Acclaimed actor Gene Wilder charmed us in movies like Blazing Saddles, Willie Wonka and the Chocolate Factory, and Young Frankenstein. Wilder had an extensive film career that included several collaborations with Mel Brooks. He was also an accomplished stage actor, voiceover artist, writer, and director.
The comic actor, who was twice Oscar nominated, for his role in “The Producers” and for co-penning “Young Frankenstein” with Mel Brooks, usually portrayed a neurotic who veered between total hysteria and dewy-eyed tenderness. “My quiet exterior used to be a mask for hysteria,” he told Time magazine in 1970. “After seven years of analysis, it just became a habit.”
Habit or not, he got a great deal of mileage out of his persona in the 1970s for directors like Mel Brooks and Woody Allen, leading to a few less successful stints behind the camera, the best of which was “The Woman in Red,” co-starring then-wife Gilda Radner. Wilder was devastated by Radner’s death from ovarian cancer in 1989 and worked only intermittently after that. He tried his hand briefly at a sitcom in 1994, “Something Wilder,” and won an Emmy in 2003 for a guest role on “Will & Grace.”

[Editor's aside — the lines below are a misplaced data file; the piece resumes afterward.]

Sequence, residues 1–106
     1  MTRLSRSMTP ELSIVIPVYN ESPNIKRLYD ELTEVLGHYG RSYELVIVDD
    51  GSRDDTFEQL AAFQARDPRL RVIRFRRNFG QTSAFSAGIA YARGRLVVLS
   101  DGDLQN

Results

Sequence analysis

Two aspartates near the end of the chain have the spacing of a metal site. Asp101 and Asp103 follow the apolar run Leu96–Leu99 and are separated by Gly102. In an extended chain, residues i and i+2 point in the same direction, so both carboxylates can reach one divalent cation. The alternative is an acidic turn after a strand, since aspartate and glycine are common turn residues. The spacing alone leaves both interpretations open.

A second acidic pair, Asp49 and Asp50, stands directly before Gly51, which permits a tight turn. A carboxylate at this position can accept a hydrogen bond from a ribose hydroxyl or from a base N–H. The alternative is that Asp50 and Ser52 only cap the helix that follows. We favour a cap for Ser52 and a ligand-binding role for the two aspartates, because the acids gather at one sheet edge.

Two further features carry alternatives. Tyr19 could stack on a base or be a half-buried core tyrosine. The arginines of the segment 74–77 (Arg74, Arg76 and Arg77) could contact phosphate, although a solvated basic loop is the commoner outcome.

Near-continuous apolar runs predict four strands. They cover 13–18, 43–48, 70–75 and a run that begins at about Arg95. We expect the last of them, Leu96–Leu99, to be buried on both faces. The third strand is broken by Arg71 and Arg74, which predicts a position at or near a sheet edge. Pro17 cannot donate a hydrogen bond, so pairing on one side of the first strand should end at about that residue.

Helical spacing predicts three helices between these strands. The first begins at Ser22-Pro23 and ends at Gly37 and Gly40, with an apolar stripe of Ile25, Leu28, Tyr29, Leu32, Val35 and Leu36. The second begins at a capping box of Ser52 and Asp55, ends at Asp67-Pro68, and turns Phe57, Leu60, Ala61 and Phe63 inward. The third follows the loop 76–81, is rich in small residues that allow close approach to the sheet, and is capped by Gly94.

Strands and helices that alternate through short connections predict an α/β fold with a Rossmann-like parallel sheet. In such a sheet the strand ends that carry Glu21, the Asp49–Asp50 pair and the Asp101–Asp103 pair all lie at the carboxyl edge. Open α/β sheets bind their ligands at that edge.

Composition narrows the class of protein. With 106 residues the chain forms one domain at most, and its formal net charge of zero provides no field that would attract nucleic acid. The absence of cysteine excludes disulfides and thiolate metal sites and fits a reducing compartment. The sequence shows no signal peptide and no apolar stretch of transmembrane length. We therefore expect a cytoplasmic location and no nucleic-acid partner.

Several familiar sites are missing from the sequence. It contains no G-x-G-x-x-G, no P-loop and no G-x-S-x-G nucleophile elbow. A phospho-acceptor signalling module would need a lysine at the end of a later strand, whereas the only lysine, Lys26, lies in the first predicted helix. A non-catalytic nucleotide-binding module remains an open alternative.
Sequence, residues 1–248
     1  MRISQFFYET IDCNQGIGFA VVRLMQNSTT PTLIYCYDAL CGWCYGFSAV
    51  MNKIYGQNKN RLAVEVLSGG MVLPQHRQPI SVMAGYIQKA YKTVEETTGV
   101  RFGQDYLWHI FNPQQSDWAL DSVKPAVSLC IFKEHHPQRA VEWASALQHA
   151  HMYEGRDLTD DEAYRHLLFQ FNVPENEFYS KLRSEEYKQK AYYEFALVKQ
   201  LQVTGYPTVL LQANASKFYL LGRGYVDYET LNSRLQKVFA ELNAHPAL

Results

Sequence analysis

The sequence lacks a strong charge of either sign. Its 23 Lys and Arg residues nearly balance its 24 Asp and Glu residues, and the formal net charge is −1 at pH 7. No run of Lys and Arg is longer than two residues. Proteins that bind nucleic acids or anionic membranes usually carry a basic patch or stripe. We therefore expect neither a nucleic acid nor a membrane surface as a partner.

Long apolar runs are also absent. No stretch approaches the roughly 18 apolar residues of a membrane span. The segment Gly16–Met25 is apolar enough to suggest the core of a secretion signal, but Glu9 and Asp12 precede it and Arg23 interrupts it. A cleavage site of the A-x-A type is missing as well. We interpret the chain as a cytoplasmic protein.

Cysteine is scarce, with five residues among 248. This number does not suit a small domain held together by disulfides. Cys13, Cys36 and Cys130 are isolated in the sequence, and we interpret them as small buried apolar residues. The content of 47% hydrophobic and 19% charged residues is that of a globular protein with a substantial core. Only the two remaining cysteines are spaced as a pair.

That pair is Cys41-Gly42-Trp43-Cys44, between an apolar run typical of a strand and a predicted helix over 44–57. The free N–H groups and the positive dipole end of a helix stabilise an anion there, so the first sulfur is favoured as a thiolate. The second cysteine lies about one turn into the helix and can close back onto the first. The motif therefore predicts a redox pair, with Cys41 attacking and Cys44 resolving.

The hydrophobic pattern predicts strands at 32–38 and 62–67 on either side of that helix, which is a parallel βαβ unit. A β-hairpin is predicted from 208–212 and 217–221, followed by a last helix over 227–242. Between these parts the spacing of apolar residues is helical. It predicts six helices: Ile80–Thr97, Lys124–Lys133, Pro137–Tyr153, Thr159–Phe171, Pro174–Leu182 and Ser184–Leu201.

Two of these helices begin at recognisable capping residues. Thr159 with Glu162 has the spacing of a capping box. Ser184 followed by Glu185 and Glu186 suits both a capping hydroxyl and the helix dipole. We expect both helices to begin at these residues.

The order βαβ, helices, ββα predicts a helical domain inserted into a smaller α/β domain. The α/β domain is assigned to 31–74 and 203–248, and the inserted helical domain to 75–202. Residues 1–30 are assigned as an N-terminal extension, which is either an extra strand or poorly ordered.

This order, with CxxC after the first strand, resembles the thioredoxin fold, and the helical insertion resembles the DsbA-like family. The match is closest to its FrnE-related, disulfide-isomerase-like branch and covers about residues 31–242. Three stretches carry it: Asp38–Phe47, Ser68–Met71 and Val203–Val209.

Wilder also did a lot of charity work to raise funds for cancer research after Radner’s death in 1989. He worked only intermittently after that, and hardly at all after Will and Grace in 2003. Wilder was a victim of Alzheimer’s disease, which he and his family decided not to disclose to the public because so many children saw him as Willie Wonka, and he didn’t want knowledge of his condition to infringe on the joy of such an encounter. He passed away today at his home from complications the disease. Gene Wilder was 83.